MATSCH: And you're aware of the contents of that notice, are you?

McVEIGH: I am. I reviewed it before signing it.

MATSCH: And then attached to it is a document ...

McVEIGH: Right.

MATSCH: ... called the "Statement of Timothy McVeigh Regarding Notice of Intent to Forego Further Appeal." It appears to have your signature. Did you sign it?

McVEIGH: That is my signature. I did sign it.

MATSCH: Now, who was present when you signed it?

McVEIGH: It was Nathan Chambers, my attorney, and Ellis Armistead, present there in the courtroom with you.

MATSCH: All right. Now, I want to read the statement into the record to be sure that we're talking about the same thing.

And the statement reads as follows: "I, Timothy James McVeigh, do hereby advise the Court and all parties that I do not wish to pursue any further appeals in this case. I believe that it is my right to forego any appellate remedies that may be available. In United States vs. Hammer, 226 F.3d 229, Third Circuit, 2000, the Third Circuit acknowledged that a defendant under sentence of death may waive his right to direct appeal.

"My case has already been through direct appeal, and the Tenth Circuit affirmed the conviction and sentence. If Hammer was allowed to waive his right to direct appeal, I should certainly be allowed to forego appeal from denial of my Section 2255 motion.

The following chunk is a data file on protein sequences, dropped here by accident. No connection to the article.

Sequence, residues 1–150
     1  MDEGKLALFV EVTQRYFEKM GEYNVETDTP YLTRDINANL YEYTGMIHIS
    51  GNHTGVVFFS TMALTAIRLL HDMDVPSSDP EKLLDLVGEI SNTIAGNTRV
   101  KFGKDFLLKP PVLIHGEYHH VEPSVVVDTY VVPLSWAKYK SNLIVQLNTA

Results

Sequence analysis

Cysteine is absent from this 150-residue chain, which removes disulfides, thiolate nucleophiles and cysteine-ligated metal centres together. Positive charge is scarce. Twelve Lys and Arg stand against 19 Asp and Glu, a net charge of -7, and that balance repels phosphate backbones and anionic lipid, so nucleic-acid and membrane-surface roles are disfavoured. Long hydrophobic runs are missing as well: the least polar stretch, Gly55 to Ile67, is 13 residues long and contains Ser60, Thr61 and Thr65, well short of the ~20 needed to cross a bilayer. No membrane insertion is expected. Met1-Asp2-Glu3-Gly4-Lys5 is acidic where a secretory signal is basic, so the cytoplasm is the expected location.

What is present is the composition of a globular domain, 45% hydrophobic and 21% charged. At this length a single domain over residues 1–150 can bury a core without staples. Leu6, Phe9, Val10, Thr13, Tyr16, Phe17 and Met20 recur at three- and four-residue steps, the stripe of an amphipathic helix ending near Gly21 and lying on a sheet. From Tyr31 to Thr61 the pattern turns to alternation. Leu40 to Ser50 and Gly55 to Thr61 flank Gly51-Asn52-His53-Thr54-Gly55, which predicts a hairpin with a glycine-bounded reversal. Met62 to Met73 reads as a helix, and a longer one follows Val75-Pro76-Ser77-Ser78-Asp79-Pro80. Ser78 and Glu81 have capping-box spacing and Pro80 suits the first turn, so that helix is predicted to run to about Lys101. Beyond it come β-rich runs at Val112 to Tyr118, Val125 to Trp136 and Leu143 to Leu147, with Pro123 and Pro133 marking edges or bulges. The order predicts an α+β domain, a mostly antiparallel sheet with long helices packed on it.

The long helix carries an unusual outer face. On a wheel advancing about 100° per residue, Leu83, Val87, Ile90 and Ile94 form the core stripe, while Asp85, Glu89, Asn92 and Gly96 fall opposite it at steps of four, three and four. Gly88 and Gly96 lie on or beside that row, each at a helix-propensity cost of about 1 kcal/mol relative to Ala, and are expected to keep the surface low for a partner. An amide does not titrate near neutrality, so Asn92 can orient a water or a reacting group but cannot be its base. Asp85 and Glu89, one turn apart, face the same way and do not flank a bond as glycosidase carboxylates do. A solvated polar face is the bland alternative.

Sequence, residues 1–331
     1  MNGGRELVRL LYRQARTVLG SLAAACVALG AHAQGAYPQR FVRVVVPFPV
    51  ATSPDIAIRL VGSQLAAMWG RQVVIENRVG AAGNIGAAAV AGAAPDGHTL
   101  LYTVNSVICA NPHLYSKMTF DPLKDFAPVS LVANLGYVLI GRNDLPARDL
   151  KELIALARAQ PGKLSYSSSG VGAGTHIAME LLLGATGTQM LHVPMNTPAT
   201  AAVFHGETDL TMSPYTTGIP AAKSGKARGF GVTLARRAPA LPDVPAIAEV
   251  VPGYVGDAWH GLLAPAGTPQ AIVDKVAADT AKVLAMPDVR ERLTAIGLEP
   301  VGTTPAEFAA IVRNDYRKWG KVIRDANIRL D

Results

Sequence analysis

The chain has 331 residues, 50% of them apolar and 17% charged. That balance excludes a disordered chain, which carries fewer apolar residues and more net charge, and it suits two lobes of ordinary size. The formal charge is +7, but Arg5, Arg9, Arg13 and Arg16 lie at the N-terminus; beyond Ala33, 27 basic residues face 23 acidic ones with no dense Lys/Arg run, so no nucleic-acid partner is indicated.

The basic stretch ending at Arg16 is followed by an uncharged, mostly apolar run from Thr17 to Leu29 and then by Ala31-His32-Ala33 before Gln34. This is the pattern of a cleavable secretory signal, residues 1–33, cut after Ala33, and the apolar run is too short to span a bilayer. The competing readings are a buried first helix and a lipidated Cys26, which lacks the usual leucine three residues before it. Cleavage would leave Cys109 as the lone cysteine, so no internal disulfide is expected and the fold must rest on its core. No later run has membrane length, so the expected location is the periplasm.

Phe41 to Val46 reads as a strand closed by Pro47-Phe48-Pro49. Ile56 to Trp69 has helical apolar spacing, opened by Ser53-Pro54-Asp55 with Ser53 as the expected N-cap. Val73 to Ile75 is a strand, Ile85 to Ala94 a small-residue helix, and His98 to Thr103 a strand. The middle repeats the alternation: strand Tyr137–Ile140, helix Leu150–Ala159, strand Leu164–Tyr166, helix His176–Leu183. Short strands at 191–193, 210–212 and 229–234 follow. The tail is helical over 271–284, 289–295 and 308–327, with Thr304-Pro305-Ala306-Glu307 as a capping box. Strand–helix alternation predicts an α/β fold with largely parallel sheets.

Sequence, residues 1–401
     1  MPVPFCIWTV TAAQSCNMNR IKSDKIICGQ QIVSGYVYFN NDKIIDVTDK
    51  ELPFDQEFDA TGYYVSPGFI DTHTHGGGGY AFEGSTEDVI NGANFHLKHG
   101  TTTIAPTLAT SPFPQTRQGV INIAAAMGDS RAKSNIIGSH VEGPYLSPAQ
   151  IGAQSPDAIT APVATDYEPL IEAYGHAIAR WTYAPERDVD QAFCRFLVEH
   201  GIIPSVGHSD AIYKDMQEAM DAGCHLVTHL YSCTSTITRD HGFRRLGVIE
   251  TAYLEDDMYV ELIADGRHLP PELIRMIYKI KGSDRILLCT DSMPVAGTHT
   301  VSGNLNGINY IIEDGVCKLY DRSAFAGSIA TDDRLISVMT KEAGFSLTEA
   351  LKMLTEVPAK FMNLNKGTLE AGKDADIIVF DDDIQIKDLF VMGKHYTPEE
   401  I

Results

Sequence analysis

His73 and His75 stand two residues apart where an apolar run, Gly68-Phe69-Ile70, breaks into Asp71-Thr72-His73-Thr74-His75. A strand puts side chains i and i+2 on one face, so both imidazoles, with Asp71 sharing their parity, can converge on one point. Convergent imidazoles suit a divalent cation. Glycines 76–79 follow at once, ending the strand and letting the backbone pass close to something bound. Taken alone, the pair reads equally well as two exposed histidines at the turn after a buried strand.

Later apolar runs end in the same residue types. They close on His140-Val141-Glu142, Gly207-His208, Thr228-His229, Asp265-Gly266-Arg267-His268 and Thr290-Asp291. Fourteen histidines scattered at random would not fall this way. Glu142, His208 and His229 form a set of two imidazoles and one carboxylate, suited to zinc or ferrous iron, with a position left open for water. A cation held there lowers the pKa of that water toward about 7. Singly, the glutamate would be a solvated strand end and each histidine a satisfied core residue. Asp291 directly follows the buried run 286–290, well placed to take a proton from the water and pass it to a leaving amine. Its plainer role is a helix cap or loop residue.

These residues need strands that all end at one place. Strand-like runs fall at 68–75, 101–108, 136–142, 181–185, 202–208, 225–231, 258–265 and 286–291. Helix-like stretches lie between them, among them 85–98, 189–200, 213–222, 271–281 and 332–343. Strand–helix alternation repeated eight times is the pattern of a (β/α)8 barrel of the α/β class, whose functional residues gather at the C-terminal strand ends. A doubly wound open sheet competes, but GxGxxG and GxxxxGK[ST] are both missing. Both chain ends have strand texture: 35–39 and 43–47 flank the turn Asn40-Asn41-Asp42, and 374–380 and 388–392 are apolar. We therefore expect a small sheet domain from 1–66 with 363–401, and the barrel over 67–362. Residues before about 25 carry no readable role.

"I believe that I am fully competent to make this decision. If the Court thinks that a psychological evaluation is necessary to make certain that I am competent, I will submit to such an evaluation. I will not justify or explain my decision to any psychologist but will answer questions reasonably related to my competency.

"My attorneys have explained to me the issues that they would raise on any appeal. I understand the appellate issues; and understanding those issues, I persist in my decision to forego appeal. This decision to forego appeal is done against the advice of my lawyers.

"By foregoing appellate rights, I am not waiving any right to petition for executive clemency. I am waving further review by the judicial branch of the federal government. I am not waiving review by the executive branch. It is not my desire by waiving appeal to delay my execution. I request that the Court set an execution date or order the Director of the Bureau of Prisons to do the same, with the execution date to be within 120 days of the filing of this notice.